Fredrik Eklund: Before getting into negotiations it’s very important to set a floor and a ceiling so you know where to move, right. Because if you don’t, you can be manipulated and you can lose yourself in the emotions. Because if you’re a good negotiator, you will obviously try at least to be completely disconnected emotionally from the deal and negotiation itself. Although you will play emotional. So if you’re not upset, you can play upset. But none of that matters unless you don’t have a floor and a ceiling. So you need to know if you go under the floor you need to walk out, you know, end the negotiation. And at the ceiling you need to know to accept so you can close the deal.
Time is very interesting when it comes to negotiation. I always say in real estate time kills everything, all deals. But there’s a little bit of time, a few seconds, minutes, or sometimes a couple of hours depending on the situation which you can use and delay to get where you want because people get frustrated at a certain point and in a good way if you don’t give the information right away, just hold it back a tiny, tiny bit and make them wait, that could be good.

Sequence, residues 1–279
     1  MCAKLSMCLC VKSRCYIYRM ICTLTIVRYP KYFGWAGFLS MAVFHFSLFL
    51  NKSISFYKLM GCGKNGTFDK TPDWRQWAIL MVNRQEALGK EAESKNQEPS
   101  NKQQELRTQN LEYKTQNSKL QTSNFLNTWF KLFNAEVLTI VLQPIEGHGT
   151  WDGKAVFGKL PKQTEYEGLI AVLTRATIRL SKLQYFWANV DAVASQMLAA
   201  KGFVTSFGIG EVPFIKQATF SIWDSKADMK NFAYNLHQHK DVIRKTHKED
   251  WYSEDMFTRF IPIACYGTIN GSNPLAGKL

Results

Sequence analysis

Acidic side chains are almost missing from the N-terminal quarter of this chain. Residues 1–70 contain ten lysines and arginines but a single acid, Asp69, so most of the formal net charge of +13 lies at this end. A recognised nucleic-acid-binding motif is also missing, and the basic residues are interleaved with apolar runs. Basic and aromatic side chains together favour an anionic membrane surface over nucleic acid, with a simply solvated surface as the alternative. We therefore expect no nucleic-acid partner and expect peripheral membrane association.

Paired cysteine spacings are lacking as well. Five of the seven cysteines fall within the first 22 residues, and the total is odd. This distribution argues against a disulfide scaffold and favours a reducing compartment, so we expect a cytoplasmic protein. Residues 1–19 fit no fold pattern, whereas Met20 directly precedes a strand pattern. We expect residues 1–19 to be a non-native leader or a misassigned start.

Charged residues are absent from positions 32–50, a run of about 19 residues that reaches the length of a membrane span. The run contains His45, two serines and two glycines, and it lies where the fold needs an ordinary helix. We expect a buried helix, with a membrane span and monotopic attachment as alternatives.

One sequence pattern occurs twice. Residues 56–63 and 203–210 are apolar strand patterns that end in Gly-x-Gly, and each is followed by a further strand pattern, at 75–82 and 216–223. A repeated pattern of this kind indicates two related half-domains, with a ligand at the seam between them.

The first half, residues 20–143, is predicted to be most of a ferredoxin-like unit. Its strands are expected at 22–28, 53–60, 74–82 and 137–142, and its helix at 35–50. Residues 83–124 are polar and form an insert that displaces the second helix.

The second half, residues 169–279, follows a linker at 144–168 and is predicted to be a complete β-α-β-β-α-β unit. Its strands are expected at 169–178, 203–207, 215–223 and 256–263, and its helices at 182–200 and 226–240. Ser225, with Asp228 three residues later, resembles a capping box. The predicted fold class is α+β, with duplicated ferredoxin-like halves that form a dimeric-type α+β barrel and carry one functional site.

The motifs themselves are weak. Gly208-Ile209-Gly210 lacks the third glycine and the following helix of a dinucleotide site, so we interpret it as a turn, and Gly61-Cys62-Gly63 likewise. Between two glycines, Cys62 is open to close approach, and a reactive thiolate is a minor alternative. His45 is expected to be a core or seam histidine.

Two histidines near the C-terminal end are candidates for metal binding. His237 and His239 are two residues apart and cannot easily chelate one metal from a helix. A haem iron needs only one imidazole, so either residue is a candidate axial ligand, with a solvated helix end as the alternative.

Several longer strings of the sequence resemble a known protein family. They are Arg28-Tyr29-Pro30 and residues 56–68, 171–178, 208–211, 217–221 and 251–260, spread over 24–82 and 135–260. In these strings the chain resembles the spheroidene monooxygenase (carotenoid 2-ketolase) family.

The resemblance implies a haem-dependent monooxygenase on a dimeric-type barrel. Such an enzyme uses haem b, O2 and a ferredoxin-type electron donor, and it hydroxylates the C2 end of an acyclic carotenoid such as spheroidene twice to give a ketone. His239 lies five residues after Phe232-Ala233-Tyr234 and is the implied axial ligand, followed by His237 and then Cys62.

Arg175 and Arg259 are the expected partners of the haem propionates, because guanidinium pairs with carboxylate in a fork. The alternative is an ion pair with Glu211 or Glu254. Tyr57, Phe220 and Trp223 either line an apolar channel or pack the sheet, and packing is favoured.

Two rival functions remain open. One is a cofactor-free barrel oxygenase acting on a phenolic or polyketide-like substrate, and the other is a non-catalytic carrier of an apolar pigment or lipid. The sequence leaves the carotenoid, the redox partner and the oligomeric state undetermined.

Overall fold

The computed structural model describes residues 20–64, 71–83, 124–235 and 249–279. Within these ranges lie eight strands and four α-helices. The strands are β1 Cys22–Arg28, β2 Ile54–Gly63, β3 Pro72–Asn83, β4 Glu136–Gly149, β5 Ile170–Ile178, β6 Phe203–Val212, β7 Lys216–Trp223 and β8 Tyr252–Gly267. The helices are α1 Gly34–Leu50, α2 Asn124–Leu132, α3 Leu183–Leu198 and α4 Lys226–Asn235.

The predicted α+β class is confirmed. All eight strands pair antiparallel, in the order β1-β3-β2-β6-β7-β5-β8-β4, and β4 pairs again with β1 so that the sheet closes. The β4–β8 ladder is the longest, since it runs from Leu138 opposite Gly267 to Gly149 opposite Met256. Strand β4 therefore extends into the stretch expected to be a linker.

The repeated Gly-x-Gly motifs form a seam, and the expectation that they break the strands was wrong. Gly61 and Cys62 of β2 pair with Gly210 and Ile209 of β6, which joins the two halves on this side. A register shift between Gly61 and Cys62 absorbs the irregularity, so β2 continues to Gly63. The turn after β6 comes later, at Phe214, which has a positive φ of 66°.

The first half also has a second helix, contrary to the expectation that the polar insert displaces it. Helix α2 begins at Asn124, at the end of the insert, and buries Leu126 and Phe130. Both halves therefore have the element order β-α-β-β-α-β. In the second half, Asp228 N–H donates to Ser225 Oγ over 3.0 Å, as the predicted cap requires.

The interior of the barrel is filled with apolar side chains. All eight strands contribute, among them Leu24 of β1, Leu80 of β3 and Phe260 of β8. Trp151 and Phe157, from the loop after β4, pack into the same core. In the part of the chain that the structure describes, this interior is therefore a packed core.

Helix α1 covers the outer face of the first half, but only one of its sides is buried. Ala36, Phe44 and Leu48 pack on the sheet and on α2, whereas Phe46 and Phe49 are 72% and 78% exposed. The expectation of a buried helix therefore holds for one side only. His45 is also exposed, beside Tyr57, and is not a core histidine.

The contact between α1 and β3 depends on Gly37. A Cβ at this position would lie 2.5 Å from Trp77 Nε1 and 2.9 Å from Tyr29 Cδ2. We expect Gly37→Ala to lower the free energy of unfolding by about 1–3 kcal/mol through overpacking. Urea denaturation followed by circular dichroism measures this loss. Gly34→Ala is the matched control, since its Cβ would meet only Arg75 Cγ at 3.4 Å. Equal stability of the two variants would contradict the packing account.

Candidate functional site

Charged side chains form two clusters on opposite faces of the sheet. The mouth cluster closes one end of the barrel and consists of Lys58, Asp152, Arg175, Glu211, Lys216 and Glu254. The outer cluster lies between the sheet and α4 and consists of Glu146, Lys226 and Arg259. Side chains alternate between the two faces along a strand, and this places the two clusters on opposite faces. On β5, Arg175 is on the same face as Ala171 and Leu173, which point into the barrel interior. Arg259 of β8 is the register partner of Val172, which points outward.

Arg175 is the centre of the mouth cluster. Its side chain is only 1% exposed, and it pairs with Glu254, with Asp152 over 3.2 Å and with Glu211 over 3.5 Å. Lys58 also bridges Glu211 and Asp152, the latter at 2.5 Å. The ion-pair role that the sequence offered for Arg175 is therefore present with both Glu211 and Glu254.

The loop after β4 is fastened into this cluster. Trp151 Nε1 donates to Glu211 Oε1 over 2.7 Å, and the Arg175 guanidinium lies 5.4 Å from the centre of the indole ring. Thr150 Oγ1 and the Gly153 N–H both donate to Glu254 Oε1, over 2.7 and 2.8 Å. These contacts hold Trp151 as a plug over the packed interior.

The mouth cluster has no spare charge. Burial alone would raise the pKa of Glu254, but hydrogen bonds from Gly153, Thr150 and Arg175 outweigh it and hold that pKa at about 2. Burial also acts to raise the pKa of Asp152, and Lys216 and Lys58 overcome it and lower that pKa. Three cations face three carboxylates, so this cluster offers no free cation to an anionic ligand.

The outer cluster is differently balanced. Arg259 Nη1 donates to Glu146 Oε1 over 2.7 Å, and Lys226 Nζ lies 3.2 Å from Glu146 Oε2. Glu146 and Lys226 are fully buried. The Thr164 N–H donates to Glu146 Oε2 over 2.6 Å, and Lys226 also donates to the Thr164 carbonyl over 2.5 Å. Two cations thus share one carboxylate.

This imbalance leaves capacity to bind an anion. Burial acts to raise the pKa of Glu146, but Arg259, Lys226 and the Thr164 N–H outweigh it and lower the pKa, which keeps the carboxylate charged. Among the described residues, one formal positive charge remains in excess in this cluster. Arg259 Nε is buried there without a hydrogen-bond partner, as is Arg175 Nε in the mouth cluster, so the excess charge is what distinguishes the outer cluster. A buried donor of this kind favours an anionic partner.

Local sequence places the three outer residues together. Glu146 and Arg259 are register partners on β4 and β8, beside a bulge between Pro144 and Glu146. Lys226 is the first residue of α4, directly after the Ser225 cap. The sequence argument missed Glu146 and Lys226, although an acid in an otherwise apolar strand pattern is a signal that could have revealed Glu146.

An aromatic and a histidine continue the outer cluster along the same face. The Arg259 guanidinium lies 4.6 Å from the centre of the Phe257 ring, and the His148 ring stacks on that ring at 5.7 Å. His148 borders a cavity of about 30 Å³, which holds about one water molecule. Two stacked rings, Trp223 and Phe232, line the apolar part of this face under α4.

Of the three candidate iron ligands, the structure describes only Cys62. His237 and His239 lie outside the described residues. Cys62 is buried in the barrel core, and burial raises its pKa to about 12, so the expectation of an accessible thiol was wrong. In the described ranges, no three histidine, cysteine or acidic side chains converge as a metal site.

As an example, when I go into an apartment and the seller is there always asking me at the end of the appointment, "So Fredrik, what is my penthouse worth?" I never ever give a price in the apartment. One, because I want to do my research and really go home and think about it and I don’t want to be drawn into any excitement, which I could potentially be because it’s so beautiful. But it’s also — for the purpose of this discussion having them wait three and a half hours for an email to come with a price will make them want it more and then having it come in writing will feel more substantial and real because it’s coming in an email and you have to wait for it.